What should we be hoping for when we look at the ongoing crisis in Syria? I don’t really know anymore.
The most interesting book that I have read this year is Why Civil Resistance Works: The Strategic Logic of Non-Violent Conflict, by Erica Chenoweth and Maria J. Stephan (Columbia University Press, 2011). The book has profoundly altered my feelings and challenged my thinking about Syria. The argument of the book, if correct, would seem to have extraordinary implications for the Syrian rebels’ campaign of violent resistance, not only in terms of the likelihood of success, but perhaps more tragically the likelihood that success will lead to a sustainable peace.
The argument of the book, developed through a combination of statistical analysis and detailed case studies, is straightforward: Non-violent campaigns of resistance are more than twice as effective as violent insurgencies in achieving their stated goals. A primary reason for this is that “the moral, physical, informational, and commitment barriers to participation are much lower for non-violent resistance than for violent insurgency” (10). Higher levels of participation create enhanced resilience and greater opportunities for tactical innovation and civic disruption, and encourage shifts in loyalty of individuals including members of the security forces away from the existing regime. These factors greatly increase the likelihood of success. Moreover, the authors argue, campaigns of non-violent resistance, when successful, are much more likely to lead to the establishment of durable and internally peaceful democracies than are successful violent insurgencies which are often followed by regress into civil war within a few years.
The book went to press shortly after the beginning of the revolutionary wave of popular movements known as the “Arab Spring.” The authors penned an epilogue in the wake of the overthrow of authoritarian regimes in Tunisia and Egypt by non-violent resistance movements in early 2011. Based on their statistical analysis developed in the book, they offered an estimate of the likelihood that Egyptians would be able to establish peaceful and durable democracy. Their conclusion is sobering, partly because of what they say about the hopes for Egypt, but even more so because of what they say about the hopes for violent insurgencies such as that which has emerged in Syria since the book was published:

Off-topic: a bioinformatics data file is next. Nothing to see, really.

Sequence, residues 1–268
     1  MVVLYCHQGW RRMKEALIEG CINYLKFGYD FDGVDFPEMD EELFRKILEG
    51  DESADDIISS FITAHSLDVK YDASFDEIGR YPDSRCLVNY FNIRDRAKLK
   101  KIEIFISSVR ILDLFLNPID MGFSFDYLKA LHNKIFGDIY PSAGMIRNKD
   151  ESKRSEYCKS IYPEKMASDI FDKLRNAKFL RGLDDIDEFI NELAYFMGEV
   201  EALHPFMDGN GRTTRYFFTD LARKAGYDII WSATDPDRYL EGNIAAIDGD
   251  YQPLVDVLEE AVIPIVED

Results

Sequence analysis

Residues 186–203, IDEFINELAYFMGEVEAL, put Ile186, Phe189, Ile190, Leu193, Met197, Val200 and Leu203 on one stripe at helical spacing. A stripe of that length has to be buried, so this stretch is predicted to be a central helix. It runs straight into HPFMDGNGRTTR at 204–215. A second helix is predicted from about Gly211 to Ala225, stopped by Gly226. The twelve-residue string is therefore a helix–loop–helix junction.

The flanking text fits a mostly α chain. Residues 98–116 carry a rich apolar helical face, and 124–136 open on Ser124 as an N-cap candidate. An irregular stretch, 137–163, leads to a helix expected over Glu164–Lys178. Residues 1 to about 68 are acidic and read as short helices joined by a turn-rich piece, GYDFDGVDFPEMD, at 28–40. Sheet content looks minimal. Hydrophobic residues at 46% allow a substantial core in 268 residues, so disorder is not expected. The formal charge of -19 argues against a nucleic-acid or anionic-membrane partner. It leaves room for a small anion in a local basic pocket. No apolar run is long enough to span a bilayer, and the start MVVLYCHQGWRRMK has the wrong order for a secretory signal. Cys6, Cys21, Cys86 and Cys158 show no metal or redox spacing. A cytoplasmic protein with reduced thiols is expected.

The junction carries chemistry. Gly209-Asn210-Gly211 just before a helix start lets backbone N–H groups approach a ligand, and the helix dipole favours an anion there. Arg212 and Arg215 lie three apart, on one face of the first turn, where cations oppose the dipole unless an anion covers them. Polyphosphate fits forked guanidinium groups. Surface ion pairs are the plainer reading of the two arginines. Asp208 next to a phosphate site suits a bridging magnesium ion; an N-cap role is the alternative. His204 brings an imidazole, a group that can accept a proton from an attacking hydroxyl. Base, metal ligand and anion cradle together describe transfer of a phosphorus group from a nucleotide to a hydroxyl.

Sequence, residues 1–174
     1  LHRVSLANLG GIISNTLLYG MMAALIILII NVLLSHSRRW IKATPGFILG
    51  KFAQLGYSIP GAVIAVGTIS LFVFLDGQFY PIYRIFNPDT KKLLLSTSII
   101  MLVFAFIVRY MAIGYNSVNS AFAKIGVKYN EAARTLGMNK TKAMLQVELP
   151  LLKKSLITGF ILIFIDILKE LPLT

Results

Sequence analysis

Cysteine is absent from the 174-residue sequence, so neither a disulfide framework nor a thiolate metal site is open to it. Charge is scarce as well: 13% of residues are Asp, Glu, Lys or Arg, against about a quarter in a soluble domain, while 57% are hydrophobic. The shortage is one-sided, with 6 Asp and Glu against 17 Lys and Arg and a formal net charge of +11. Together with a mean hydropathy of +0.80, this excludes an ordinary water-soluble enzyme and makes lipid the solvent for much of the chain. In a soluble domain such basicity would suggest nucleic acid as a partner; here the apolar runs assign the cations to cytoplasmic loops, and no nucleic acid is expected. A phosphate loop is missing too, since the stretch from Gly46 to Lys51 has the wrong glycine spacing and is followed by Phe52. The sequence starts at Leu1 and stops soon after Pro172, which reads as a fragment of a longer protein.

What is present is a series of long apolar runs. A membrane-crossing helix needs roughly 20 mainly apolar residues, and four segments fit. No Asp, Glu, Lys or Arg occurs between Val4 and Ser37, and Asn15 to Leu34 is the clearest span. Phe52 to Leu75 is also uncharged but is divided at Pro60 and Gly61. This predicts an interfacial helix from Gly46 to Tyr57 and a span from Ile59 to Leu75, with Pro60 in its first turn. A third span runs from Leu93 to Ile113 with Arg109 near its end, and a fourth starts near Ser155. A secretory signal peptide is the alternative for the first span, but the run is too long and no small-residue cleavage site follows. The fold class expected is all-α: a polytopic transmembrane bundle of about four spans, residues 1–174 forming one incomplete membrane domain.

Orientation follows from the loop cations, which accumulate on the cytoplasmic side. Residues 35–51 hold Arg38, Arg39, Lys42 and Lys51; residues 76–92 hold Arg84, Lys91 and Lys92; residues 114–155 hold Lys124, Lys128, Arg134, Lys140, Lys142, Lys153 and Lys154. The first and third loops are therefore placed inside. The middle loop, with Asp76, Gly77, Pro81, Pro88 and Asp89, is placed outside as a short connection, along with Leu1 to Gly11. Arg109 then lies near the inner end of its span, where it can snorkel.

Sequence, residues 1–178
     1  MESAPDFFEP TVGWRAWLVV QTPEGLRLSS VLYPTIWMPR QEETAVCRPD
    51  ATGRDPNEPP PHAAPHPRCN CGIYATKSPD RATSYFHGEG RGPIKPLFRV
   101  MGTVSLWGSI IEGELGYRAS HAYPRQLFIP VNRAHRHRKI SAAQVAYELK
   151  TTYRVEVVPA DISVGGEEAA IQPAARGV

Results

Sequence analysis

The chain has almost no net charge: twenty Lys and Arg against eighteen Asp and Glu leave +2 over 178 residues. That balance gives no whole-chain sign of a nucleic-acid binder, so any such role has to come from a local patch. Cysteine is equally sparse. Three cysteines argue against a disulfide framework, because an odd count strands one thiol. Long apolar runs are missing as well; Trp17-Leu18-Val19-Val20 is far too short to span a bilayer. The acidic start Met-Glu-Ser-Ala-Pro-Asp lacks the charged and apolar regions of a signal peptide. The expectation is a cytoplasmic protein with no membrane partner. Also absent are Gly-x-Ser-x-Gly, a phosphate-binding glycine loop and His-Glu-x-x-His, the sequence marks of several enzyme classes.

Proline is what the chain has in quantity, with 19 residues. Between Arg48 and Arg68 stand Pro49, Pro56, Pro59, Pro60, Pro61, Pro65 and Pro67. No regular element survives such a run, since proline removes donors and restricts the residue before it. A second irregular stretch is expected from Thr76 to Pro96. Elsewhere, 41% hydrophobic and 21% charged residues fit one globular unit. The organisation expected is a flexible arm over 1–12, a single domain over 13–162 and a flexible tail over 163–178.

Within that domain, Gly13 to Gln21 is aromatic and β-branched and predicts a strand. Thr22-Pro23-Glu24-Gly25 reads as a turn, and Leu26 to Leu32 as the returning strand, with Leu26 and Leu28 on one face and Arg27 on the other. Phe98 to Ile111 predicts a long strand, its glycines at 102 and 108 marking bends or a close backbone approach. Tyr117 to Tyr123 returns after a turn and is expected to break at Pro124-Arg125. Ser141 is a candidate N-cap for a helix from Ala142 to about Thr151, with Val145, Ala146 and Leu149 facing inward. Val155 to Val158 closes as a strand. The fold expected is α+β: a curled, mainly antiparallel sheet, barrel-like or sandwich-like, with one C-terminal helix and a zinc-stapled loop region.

“Controlling for other factors, if Egypt follows the pattern of other successful nonviolent campaigns, our estimates indicate that it has more than a 30 percent chance of being a democracy. Although that figure may sound uninspiring, the probability would be much closer to zero percent if the revolution had been violent or if it had not occurred at all” (230-31).
The implications for Syria (and similarly for Libya) are distressing. Of course the statistics of past cases do not guarantee particular outcomes in the future. But neither in this instance do they provide much ground for hope. The decision by elements of the Syrian resistance movement (which remained peaceful for longer than did the equivalent movement in Libya) to turn from a campaign of non-violence to violent insurgency may ultimately prove tragic. Even if they are successful in overthrowing Assad’s regime, there is a danger that they will have inaugurated a period of violence and instability leading to greater civilian suffering and death than was experienced even while the tyrannical Assad wielded power unopposed.
Of course, this is not to excuse the Assad regime for its brutal response to the resistance campaign – a response which has already led to as many as 20,000 deaths including many civilians. Similarly, it is not to rebuke the rebels for desiring freedom from oppressive rule. But, having read Chenoweth and Stephan’s book, I find it difficult to hope that the rebels successfully achieve a violent victory.
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